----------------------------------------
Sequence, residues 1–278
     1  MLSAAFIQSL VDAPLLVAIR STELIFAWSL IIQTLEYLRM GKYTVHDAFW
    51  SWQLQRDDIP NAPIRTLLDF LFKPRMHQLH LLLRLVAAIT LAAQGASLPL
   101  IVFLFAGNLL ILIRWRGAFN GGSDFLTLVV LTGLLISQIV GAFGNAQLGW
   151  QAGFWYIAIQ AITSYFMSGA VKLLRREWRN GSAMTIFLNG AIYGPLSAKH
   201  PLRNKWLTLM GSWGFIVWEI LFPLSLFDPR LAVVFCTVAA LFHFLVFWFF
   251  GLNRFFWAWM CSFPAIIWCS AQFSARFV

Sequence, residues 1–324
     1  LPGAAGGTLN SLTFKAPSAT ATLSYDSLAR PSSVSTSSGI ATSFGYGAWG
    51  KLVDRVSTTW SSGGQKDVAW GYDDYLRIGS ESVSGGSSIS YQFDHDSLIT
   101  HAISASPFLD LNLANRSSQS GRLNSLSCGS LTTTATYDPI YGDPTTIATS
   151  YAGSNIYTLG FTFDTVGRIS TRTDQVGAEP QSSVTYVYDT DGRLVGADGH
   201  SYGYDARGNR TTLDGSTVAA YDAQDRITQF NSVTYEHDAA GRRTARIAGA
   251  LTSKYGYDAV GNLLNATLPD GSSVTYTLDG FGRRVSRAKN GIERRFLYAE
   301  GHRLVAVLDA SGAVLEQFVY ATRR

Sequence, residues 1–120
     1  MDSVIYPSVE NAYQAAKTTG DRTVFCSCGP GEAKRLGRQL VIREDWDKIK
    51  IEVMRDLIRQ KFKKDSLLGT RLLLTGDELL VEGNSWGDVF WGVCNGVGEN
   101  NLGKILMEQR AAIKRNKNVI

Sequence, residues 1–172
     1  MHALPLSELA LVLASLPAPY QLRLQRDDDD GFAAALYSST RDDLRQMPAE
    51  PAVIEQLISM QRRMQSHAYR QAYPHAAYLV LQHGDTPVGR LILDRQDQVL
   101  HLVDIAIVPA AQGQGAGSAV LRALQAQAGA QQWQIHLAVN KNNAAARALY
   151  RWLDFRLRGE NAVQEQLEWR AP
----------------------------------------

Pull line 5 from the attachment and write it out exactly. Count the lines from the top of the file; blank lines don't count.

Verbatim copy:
   151  QAGFWYIAIQ AITSYFMSGA VKLLRREWRN GSAMTIFLNG AIYGPLSAKH